The “Cosmic Samara” Museum impresses you at first sight - the place it takes among its surroundings is emphasized very successfully. The benchmark for potential visitors looks very different from the proud (and slightly awkward) stele of its Moscow “counterpart”: it is the legendary “Soyuz” R-7 rocket carrier installed on the museum’s building vertically, as if before the launch: this benchmark can be seen from afar. The rocket is real, not simply a model; it had served as a training model at the Plesetsk cosmodrome for 15 years, the rocket had been was built here - in Samara-Kuibyshev, at the “Progress” plant. It’s even strange that the Cosmic Museum has appeared in the capital of Russian rocket production so recently: “Cosmic Samara” was opened in 2007.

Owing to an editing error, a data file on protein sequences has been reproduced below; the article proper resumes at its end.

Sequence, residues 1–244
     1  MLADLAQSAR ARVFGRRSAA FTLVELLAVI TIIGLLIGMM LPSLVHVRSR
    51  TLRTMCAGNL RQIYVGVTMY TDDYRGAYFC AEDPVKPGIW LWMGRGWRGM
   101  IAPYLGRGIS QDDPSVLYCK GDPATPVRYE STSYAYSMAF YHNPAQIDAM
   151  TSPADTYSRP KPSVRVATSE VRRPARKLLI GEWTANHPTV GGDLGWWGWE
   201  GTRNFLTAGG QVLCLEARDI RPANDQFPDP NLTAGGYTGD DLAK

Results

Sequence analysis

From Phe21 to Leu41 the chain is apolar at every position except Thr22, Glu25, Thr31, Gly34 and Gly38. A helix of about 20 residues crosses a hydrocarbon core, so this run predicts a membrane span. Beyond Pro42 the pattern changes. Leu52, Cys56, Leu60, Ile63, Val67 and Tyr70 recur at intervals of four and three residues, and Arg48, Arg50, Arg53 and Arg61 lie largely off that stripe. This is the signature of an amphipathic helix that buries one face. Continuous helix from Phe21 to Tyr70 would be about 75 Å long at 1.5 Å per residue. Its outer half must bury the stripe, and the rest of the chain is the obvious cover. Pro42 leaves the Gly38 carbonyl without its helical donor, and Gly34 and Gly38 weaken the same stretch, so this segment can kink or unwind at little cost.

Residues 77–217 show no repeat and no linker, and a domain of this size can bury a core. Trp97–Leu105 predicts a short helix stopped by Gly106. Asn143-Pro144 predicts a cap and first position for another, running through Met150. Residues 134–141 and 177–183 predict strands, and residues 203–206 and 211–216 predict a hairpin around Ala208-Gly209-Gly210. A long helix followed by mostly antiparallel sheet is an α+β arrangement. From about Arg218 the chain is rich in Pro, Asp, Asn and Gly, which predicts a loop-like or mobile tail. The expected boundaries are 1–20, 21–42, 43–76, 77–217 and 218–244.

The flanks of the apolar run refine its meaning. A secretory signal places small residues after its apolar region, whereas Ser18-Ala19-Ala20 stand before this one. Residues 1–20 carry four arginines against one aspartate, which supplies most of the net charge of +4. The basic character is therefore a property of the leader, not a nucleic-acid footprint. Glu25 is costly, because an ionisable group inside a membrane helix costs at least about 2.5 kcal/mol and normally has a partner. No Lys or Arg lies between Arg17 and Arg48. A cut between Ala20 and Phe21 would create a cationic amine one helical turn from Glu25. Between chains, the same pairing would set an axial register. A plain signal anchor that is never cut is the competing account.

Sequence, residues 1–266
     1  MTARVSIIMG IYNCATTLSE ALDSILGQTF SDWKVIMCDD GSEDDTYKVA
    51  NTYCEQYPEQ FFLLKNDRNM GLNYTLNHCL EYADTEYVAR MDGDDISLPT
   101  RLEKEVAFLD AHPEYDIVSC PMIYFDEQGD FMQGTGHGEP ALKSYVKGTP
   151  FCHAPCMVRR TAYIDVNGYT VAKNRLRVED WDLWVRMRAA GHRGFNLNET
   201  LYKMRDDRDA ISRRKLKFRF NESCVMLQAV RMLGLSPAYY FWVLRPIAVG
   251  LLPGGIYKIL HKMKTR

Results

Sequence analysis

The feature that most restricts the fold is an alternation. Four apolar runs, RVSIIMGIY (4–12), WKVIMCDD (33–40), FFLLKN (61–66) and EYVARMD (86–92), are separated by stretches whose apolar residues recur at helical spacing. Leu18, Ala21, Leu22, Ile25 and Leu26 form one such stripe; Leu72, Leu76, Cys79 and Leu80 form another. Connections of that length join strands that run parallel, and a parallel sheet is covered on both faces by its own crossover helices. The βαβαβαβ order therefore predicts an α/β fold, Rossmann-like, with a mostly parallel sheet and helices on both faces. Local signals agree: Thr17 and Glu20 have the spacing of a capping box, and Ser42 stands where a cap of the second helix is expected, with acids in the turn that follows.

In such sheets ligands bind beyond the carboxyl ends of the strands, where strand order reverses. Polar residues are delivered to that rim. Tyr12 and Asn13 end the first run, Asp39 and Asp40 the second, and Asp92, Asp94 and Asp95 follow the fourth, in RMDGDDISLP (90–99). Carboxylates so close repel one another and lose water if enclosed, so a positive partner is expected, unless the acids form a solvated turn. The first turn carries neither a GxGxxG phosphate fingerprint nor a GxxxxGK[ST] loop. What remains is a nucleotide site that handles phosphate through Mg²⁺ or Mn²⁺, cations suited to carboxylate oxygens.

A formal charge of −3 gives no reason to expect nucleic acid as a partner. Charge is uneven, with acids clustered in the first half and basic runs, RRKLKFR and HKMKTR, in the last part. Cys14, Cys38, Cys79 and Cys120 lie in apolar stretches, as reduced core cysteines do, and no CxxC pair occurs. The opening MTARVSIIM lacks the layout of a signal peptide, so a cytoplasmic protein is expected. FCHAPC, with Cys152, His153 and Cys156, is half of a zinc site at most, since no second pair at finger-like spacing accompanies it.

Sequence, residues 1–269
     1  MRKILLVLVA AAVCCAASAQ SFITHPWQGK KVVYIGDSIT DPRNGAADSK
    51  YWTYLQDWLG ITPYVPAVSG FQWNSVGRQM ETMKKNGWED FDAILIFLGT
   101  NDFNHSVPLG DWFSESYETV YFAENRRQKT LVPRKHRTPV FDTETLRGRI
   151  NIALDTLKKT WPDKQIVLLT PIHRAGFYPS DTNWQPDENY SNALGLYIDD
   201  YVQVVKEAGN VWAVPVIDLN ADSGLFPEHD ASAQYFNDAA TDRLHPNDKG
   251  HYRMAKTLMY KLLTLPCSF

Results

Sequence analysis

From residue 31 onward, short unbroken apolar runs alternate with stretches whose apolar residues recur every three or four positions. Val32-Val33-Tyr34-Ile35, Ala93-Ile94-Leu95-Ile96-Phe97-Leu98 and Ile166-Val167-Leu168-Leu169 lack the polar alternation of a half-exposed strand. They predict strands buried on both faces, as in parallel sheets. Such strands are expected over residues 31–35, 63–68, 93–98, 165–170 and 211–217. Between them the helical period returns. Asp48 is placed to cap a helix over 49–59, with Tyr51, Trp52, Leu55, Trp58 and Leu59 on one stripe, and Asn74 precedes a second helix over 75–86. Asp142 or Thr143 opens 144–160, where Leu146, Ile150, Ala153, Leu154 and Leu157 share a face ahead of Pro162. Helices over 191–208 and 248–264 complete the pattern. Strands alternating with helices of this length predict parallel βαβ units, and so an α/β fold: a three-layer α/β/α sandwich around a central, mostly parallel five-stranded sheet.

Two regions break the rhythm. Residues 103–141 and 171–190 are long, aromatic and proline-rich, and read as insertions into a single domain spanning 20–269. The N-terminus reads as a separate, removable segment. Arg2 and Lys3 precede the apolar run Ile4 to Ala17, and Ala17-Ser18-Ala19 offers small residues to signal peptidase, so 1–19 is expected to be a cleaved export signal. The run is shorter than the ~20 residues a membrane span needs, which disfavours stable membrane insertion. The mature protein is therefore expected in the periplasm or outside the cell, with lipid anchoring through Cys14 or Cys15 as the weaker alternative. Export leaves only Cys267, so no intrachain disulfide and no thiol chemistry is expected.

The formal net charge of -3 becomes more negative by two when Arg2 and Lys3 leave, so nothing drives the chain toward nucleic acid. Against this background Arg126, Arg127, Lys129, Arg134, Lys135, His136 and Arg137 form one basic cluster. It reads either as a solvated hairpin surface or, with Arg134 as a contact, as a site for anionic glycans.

The landing modules of the “Resurs” photographic surveillance satellites exhibited in the museum not only are real, they were taken to outer space. It is worth mentioning that the thermal protection of the modules was scorched upon landing, just like it should be. The museum exhibits rocket engines produced by Samara plants at different times. You can examine all the details of the engine of the N-1 rocket, aka “Tsar-rocket”, intended for manned lunar flights. There are also products with a more severe purpose – the engines for the R-9 intercontinental ballistic missile.
Author: Anna Dorozhkina